When sails clutch the wind, the yards exert pressure on the masts bending them from side to side and imparting large quantities of torque along the central axis of the mast. Steel wire ropes (SWR) known as shrouds secure the masts to the hull and prevent the masts from bending excessively – the shrouds aboard the James Caird were 'Liverpool spliced' by hand, parceled and served over with tarred Marline and covered in Stockholm tar.
The shrouds which hold both mast in position were secured to the inside of the lower gunwales by four brass screws - not ideal due to the amount of tension required to secure the masts in place. In modern vessels, it is common to use chainplates or securing lanyards tied around the thwart risers.
Rowing Positions & Oars
The James Caird was equipped with 4 oars – approximately 14 ft long (2½ times the boat beam) hand made from a single length of Spruce. The rowing positions of the James Caird are one of the great unknowns of Shackleton's boat. At Pegotty Camp, it is recorded that Shackleton ordered the topsides of the Caird to be removed as a source of wood and burnt. Sadly, this also means that all evidence of the rowlock positions were lost; only one rowing position survives (port, forward whaleback). Neither Shackleton nor Worsley accurately record the rowing technique or the positions, therefore from a practical seaman's point of view, four functional rowlocks would have been necessary for the voyage. Rowlocks are essential when planning surf landings on rocky shores like those of South Georgia and Elephant Island.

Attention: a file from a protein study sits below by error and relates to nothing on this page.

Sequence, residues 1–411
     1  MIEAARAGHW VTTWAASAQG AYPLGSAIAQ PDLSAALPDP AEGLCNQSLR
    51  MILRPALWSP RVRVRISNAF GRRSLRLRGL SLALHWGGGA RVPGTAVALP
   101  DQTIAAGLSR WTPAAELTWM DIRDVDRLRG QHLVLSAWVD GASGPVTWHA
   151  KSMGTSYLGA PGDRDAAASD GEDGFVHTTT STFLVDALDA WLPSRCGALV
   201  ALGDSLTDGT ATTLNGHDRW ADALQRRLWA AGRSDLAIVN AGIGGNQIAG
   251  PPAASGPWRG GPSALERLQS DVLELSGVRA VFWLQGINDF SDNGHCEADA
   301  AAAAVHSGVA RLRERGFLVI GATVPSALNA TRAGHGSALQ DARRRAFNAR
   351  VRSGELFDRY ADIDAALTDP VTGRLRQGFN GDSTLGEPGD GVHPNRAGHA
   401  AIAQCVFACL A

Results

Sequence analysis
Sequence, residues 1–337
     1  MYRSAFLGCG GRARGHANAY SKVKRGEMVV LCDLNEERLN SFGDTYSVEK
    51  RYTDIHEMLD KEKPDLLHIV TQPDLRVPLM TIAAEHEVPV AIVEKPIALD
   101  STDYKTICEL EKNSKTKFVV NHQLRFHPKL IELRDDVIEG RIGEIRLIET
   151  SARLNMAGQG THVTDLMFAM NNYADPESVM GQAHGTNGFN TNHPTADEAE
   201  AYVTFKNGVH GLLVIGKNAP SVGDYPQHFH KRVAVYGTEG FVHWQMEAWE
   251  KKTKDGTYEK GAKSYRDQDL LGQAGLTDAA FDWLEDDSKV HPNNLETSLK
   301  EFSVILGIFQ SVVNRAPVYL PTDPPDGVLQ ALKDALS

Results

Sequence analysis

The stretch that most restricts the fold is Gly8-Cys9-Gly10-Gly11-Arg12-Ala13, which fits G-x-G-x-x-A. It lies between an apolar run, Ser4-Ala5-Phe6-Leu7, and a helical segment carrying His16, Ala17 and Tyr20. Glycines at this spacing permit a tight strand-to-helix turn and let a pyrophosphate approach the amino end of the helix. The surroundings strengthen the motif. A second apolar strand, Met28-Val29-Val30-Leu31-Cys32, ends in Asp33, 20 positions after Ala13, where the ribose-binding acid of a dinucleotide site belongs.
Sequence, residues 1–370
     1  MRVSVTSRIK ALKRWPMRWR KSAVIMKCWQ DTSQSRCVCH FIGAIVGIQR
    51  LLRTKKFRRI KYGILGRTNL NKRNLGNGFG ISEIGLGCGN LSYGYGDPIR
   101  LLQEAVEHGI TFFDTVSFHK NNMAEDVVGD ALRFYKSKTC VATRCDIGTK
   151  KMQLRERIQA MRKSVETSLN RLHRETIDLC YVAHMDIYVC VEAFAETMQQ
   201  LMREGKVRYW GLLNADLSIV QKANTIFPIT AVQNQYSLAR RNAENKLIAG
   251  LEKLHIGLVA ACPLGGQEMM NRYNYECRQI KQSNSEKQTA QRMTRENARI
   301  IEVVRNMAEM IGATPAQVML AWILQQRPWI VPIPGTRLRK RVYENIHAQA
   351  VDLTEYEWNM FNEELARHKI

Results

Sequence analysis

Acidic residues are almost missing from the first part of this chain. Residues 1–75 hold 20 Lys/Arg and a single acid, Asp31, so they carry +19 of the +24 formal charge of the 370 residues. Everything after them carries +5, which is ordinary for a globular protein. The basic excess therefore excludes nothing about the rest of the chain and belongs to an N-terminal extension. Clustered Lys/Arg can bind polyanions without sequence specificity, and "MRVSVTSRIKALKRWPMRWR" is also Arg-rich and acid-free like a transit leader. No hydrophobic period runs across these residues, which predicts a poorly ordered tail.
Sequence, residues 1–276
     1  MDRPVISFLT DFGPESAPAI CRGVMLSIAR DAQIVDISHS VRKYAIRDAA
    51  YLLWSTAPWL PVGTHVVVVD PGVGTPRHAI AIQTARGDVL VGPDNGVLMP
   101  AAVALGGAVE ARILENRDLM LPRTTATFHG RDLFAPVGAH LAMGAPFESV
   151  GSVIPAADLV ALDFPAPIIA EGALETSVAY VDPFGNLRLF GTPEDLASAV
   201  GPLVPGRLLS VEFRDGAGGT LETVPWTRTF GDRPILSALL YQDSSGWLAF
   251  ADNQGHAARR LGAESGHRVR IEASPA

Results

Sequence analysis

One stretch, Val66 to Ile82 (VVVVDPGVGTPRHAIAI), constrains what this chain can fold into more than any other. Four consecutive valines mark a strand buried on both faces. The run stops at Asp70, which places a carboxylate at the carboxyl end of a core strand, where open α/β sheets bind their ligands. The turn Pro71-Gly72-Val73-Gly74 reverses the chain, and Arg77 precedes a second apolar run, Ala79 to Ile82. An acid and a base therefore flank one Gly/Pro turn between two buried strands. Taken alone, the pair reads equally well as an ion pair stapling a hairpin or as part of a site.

What happened to the original rudder?
Sadly, according to a little known account, the original rudder was replaced when she was repaired at Cory's Barge Works, Greenwich in 1968 - see below:
On the 25th of September 2001, the world famous auctioneer Christies, sold seven little known photographs of the James Caird taken at Grayson's Shipyard, Birkenhead. They were the first photographs of the boat taken after the legendary boat journey from Elephant Island to South Georgia, and show her uniquely, in her condition prior to being cleaned up for exhibition in London, and with relics of the boat journey on display.
Along with clothes and sleeping bags, one can make out parts of two Primus stoves, what appears to be Hurley's brass baling pump made from the flinders bar from the ship's binnacle compass, the cases of Streimers Polar Nutfood and one of the barrels of drinking water. However, the boat in the background is not the James Caird; it is clearly discernible that the boat photographed is clinker built, the James Caird was carvel built.
Details show the stern post with the original rudder which was lost in a swell when the James Caird was fended-off rocks at Cave Cove. This legendary rudder returned a few days later: "with all the broad Antarctic to sail in", as Shackleton put it, "had come bobbing back into our cove".
Did you know?
What are VENESTA packing cases?
Venesta was the commercial name for high quality three-layer birch plywood that was strong, lightweight and weatherproof. In 1908 the Venesta Plywood Company was founded in London as a subsidiary of the Russian Lutherma Woodworking Factory, the word Venesta was derived from 'VENeer from ESToniA'. Shackleton used 2500 lightweight Venesta cases during his 1907-09 'Nimrod Expedition' , today over 200 of these cases still survive at the Cape Royds Hut at McMurdo Sound, Antarctica.
Venesta packing cases are all the same size, with a footprint of 30 inches (76cm) by 15 inches (38cm). Venesta plywood was usually 4mm thick and the edges of each case protected by thin strips of angled steel. They were designed by Shackleton to be easy to manhandle, and when empty they would double as partitioning, shelving and other woodworking purposes including decking aboard the James Caird lifeboat.